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Thank you to everyone who voted kiwi for Bird of the Century! Congratulations to the Pūteketeke for winning the coveted title.
The kiwi may not have won Bird of the Century, but it still needs your help
Aotearoa used to be home to millions of kiwi. Today, there are 70,000 left. Save the Kiwi is on a mission to rebuild the kiwi population – but we need your help. Save a Kiwi for as little as $5 a month and help guarantee that future generations will see our national icon – the kiwi – in the wild.
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What is a roaming dog?
A roaming (or wandering) dog is any dog that’s in a place it shouldn’t be.
- A pet dog that is let off-lead to run around and stretch their legs unsupervised is a roaming dog.
- A farm dog that is sent off to round up the cows but gets distracted is a roaming dog.
- A hunting dog that picks up the scent of a pig and runs off into the bush to follow it without its owner it is a roaming dog.
- A seemingly lazy dog that lies on the veranda all day then, unbeknownst to its owners, heads out on adventures overnight is a roaming dog.
- A feral dog that has no home is a roaming dog.
- A dog that technically has a home but its owner doesn’t supervise it or keep it at home is a roaming dog.
- A cuddly fur baby that’s great with kids but gets bored during the day so jumps the fence and explores the neighbourhood is a roaming dog.
How to exercise your dog in a way that doesn’t threaten kiwi
Dogs need plenty of exercise to stay in ship-shape condition. Here are some ways dog owners can exercise their dogs in a way that doesn’t threaten kiwi and other wildlife.
- If you are in an area where kiwi may live make sure you always use a lead, and only walk your dog during the day when kiwi are asleep.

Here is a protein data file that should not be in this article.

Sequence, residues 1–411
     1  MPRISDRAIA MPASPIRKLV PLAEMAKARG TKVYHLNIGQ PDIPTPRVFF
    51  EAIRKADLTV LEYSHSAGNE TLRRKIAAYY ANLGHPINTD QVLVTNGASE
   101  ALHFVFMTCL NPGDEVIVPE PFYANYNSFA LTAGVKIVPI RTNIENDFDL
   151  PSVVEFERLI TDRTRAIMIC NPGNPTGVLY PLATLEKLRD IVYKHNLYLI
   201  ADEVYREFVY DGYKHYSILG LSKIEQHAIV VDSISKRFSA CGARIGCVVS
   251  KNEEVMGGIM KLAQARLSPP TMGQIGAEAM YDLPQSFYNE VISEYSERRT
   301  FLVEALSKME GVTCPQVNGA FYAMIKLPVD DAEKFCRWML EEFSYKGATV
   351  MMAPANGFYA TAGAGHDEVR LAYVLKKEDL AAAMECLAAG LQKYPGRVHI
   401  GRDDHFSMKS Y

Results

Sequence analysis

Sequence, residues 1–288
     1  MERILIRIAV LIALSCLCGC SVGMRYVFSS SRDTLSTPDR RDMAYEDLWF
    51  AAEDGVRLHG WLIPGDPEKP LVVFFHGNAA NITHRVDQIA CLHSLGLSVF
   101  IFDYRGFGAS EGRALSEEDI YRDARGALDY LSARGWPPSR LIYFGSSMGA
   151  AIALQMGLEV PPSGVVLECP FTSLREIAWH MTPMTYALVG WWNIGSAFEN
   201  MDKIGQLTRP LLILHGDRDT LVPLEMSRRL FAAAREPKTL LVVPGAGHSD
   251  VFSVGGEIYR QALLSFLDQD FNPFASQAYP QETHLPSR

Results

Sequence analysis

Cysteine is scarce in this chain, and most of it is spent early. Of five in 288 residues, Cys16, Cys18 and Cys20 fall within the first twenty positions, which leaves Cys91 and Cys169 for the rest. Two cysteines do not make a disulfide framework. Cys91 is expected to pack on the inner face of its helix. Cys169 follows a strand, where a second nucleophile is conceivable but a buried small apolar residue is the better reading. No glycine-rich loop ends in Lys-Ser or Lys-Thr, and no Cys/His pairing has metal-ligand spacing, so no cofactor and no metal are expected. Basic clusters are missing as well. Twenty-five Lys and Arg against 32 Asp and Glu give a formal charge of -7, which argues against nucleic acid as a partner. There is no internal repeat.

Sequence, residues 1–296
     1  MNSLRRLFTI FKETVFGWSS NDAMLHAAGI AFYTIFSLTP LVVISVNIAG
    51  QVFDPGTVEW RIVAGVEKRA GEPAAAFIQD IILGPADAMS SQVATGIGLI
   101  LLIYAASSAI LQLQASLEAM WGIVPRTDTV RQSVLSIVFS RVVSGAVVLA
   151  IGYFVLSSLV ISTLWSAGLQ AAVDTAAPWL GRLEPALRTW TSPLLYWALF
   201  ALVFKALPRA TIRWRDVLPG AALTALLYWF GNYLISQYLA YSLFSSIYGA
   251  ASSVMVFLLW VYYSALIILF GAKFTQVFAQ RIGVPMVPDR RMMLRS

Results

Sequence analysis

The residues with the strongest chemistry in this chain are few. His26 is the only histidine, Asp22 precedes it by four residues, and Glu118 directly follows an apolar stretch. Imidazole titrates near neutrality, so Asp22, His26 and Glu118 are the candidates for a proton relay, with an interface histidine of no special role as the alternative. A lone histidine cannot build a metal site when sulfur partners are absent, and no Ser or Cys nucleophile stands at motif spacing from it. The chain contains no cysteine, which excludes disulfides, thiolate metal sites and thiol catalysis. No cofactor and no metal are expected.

- Use identified off-lead areas or public parks.
- Use private, bookable off-lead parks. These can be particularly useful for reactive dogs.
- Arrange regular doggy playdates with other friendly dogs. Playing with other dogs burns loads of energy and teaches important social skills (just make sure the other dogs are friendly and well-socialised).
- Try going for a ‘sniff’ rather than a walk. Go at their pace and let them explore using their nose. Smelling the world around them fires their brain into action, which in turn uses up energy. You may like to use a different lead, or a different route so your dog learns when it is a walk, and when it’s a ‘sniff’.
- Use food as a game, like scattering small dry dog food around your lawn. This gives the dog a reason to move and gets them using their all-important scent function. Remember to factor this food into their daily intake so they aren’t over-fed. This works really well for food-oriented dogs!
- Play with your dog. If you have an active game your dog loves, like fetch, regular playtime is a great way to exercise your dog without even having to leave your property.